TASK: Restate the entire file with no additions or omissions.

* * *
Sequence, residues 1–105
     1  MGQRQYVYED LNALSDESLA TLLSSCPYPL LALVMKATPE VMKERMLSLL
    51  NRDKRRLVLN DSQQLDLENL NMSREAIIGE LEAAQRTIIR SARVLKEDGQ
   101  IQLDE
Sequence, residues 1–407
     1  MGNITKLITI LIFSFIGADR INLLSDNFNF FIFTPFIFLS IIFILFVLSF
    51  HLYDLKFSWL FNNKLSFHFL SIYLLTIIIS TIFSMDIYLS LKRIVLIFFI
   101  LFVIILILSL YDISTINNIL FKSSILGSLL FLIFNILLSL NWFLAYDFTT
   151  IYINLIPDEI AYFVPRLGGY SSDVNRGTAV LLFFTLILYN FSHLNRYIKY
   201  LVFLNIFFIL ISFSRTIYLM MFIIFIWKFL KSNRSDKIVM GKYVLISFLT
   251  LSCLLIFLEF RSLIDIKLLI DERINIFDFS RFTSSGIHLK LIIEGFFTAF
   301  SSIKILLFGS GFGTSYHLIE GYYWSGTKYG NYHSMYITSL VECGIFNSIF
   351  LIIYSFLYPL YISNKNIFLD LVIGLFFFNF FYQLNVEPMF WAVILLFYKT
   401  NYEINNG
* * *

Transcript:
Sequence, residues 1–105
     1  MGQRQYVYED LNALSDESLA TLLSSCPYPL LALVMKATPE VMKERMLSLL
    51  NRDKRRLVLN DSQQLDLENL NMSREAIIGE LEAAQRTIIR SARVLKEDGQ
   101  IQLDE
Sequence, residues 1–407
     1  MGNITKLITI LIFSFIGADR INLLSDNFNF FIFTPFIFLS IIFILFVLSF
    51  HLYDLKFSWL FNNKLSFHFL SIYLLTIIIS TIFSMDIYLS LKRIVLIFFI
   101  LFVIILILSL YDISTINNIL FKSSILGSLL FLIFNILLSL NWFLAYDFTT
   151  IYINLIPDEI AYFVPRLGGY SSDVNRGTAV LLFFTLILYN FSHLNRYIKY
   201  LVFLNIFFIL ISFSRTIYLM MFIIFIWKFL KSNRSDKIVM GKYVLISFLT
   251  LSCLLIFLEF RSLIDIKLLI DERINIFDFS RFTSSGIHLK LIIEGFFTAF
   301  SSIKILLFGS GFGTSYHLIE GYYWSGTKYG NYHSMYITSL VECGIFNSIF
   351  LIIYSFLYPL YISNKNIFLD LVIGLFFFNF FYQLNVEPMF WAVILLFYKT
   401  NYEINNG